The President of Argentina, Alberto Fernández, has tested positive for the coronavirus despite having the Russian-made vaccine Sputnik V in January, the Daily Mail reported on Monday.
Fernández had the vaccine dose publicly in a Buenos Aires hospital on January 21 but came down with a fever and slight headache on Friday, prompting him to get tested. His diagnosis was confirmed with an antigen test, followed by a PCR test, over the weekend.
“I’m already isolated, complying with the current protocol and following the instructions of my personal doctor,” Fernández said.
“I have contacted the people I met in the last 48 hours to assess whether they constitute close contact,” he added.
The President’s medical team said he was “stable, asymptomatic, with parameters within normal ranges.”
The 62-year-old president has received both shots of the Sputnik V vaccine, one in January and the second in February.
In reaction to the news, Russia’s Gamaleya Institute, which developed the Sputnik V vaccine, reiterated the high effectiveness of the jab, citing research data published in the medical journal The Lancet in February.
“We are sad to hear this. Sputnik V is 91.6% effective against infection and 100% effective against severe cases,” Sputnik V’s official Twitter account said.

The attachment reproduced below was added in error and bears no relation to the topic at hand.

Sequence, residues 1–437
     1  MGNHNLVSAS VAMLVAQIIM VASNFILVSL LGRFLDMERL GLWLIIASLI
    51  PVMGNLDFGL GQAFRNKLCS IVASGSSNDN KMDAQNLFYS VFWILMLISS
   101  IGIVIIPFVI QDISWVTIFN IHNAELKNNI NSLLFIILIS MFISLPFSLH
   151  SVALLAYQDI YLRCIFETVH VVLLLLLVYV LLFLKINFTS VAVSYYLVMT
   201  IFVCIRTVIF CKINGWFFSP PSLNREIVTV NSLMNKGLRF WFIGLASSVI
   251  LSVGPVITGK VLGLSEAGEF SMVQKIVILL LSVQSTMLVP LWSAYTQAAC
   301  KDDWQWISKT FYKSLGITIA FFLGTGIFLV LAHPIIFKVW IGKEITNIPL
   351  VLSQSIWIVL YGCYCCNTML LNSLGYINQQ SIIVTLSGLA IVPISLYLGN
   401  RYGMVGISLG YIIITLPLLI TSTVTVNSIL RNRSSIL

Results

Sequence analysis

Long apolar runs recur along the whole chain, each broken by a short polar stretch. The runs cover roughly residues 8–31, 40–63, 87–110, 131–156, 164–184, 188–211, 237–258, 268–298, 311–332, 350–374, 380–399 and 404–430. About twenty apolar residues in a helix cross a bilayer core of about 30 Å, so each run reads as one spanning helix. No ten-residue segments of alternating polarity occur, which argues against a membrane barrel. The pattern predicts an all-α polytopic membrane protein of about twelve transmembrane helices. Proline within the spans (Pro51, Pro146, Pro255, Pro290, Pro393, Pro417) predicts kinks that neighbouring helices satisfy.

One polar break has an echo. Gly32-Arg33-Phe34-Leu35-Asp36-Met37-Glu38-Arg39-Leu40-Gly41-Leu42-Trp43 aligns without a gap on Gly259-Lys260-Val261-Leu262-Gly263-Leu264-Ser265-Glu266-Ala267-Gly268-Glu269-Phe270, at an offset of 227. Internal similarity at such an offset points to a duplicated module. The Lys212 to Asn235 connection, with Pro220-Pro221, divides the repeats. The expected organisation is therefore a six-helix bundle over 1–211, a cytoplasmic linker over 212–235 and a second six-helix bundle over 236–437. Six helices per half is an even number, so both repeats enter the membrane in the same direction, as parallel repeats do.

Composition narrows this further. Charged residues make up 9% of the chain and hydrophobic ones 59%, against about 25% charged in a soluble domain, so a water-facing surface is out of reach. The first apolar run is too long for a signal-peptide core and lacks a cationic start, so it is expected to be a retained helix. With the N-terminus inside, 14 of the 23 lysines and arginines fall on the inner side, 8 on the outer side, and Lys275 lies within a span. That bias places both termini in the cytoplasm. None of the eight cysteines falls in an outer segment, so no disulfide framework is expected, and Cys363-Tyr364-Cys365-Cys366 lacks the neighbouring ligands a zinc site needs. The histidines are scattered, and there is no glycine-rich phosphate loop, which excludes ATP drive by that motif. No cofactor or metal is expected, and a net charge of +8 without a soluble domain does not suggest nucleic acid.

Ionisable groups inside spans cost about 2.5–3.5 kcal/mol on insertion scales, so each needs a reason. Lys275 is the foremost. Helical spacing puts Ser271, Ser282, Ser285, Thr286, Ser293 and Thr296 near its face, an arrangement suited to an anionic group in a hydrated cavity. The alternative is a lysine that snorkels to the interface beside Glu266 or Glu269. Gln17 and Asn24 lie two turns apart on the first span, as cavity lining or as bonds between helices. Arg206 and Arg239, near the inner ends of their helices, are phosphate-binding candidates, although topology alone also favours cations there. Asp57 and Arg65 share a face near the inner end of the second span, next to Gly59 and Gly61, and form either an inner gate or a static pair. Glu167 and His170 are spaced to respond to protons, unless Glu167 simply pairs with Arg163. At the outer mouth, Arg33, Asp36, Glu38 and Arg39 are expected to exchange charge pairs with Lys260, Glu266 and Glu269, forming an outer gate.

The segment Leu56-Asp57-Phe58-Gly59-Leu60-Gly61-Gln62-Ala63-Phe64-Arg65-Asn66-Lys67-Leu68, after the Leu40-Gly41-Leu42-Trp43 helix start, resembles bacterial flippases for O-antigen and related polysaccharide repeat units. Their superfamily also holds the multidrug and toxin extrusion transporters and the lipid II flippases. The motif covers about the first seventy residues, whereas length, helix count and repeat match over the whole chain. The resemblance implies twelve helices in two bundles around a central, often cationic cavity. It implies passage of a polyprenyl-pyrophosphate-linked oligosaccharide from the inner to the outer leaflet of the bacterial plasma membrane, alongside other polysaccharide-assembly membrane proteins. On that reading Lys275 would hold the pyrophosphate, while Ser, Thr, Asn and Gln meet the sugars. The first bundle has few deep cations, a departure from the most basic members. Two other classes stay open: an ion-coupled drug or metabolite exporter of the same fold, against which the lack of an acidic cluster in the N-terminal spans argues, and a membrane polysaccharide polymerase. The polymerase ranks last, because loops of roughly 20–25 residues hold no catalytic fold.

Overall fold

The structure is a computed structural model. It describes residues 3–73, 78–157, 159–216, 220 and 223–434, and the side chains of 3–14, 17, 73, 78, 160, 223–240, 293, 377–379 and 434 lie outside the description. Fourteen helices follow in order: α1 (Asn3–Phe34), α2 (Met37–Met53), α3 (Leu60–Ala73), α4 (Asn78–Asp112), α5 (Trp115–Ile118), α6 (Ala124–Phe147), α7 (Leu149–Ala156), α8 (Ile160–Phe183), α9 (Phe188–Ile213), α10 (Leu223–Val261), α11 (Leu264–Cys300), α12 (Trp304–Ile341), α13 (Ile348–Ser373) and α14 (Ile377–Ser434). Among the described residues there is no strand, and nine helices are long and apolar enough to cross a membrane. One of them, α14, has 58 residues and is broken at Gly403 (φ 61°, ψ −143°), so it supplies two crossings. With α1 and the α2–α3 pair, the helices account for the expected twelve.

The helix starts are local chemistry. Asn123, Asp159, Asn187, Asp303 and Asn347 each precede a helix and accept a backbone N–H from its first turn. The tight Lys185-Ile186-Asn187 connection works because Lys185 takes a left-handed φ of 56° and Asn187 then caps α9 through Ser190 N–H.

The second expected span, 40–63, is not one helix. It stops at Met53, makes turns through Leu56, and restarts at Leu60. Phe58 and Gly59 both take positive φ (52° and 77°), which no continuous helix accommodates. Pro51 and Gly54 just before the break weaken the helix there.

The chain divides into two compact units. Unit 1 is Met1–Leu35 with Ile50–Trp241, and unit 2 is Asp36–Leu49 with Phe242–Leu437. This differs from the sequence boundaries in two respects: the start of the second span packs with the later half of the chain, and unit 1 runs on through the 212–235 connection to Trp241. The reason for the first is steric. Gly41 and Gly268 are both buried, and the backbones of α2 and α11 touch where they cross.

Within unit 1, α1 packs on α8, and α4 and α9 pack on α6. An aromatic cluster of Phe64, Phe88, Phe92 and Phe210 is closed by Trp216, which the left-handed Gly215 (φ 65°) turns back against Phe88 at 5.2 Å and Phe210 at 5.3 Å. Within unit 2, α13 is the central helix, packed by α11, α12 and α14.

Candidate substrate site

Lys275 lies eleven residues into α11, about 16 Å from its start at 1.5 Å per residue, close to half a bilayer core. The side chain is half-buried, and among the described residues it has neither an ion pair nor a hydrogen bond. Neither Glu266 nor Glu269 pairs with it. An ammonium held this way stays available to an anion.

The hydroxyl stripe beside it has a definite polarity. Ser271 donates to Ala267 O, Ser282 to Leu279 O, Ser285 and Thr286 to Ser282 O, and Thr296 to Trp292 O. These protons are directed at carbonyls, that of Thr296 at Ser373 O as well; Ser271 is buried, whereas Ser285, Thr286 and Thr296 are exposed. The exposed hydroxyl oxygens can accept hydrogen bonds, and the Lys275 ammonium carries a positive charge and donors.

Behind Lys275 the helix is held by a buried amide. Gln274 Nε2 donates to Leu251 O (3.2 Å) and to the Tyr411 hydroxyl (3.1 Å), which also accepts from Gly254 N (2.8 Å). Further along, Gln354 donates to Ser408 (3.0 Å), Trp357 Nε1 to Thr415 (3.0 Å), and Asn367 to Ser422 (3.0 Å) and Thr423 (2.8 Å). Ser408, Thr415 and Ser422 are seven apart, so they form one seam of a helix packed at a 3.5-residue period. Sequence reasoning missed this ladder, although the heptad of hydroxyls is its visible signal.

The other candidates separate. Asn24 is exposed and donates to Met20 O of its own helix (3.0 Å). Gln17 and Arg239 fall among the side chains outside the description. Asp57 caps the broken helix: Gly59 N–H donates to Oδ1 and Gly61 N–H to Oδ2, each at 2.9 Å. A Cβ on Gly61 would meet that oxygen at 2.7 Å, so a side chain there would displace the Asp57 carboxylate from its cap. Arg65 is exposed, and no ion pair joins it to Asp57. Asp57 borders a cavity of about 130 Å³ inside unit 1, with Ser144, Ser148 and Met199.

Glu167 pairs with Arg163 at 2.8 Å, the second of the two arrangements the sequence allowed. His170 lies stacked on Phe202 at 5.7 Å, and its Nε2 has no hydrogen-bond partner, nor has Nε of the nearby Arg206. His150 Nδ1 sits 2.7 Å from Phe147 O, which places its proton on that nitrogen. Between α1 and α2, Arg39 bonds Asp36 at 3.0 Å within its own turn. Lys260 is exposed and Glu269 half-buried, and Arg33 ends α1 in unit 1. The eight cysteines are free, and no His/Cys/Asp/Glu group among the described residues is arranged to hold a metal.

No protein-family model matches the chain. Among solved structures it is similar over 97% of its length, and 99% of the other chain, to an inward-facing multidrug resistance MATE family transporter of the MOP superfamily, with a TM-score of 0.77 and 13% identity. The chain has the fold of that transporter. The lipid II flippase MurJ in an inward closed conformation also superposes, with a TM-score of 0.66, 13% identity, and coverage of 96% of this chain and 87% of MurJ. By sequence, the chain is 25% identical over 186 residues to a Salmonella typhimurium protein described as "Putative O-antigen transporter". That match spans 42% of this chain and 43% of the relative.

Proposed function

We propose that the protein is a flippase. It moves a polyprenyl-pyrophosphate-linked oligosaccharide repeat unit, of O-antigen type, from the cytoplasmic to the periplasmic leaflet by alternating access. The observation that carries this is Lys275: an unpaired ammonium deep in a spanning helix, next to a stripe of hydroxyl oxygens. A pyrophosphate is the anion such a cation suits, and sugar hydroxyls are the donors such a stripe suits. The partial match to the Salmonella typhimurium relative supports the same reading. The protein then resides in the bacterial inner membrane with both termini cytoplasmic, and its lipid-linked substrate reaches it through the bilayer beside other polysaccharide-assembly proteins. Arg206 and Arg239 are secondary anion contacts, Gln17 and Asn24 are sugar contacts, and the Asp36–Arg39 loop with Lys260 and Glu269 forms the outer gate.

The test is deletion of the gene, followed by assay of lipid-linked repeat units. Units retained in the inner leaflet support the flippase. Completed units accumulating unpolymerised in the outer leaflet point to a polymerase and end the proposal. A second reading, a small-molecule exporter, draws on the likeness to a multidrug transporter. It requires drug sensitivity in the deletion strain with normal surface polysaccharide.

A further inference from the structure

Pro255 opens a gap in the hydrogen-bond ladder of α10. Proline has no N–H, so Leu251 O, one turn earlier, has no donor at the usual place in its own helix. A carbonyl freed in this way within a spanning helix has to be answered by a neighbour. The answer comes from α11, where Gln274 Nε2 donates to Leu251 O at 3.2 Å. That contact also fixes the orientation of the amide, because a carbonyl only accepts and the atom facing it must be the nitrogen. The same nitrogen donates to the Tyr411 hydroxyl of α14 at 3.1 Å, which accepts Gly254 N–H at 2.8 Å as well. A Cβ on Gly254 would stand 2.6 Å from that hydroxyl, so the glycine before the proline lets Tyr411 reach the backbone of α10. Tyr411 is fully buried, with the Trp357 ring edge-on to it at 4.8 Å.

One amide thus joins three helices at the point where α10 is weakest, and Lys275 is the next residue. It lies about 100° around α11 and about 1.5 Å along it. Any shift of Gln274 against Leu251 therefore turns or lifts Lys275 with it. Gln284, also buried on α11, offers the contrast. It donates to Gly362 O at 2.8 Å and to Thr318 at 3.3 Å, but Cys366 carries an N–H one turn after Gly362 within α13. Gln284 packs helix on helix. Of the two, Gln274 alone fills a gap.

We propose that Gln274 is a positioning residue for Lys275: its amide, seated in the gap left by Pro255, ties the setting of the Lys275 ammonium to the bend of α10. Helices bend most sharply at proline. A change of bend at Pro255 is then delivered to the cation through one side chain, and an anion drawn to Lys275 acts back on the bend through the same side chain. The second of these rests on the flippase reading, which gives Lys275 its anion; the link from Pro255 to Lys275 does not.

“If the infection is indeed confirmed and occurs, the inoculation ensures quick recovery without severe symptoms. We wish you a quick recovery!”
It remains unclear how effective COVID-19 vaccines are at stopping the person from contracting the virus.
It remains possible to contract and test positive for COVID-19 after having the shot, however, the vaccine significantly reduces the likelihood of severe symptoms to the virus.
Argentina was the first country in South America to rollout the Sputnik V vaccine in December and has ordered around 25 million shots. However, the rollout has been marred in controversy after nearly 70 people got inoculated early.
The then-health minster Ginés González García stepped down over the debacle, but Fernández defended his early receipt vaccine, saying it was necessary.
He told reporters: ‘The media in Argentina put Alberto Fernández among the people who received the vaccine inappropriately, but I had to get the vaccine because the Argentine media said the Russian vaccine could not be trusted. I had to call on the trust of the citizens’.
More than 1.5% of Argentina’s population have now received two shots of the vaccine, but the country remains in a partial lockdown to curb the spread of the virus.
Last week, the cabinet suspended flights from Chile, Brazil and Mexico after seeing rising case numbers in those countries. Flights from the United Kingdom have also been suspended.
To date, Argentina has had over 2,383,000 confirmed coronavirus cases and 56,106 deaths.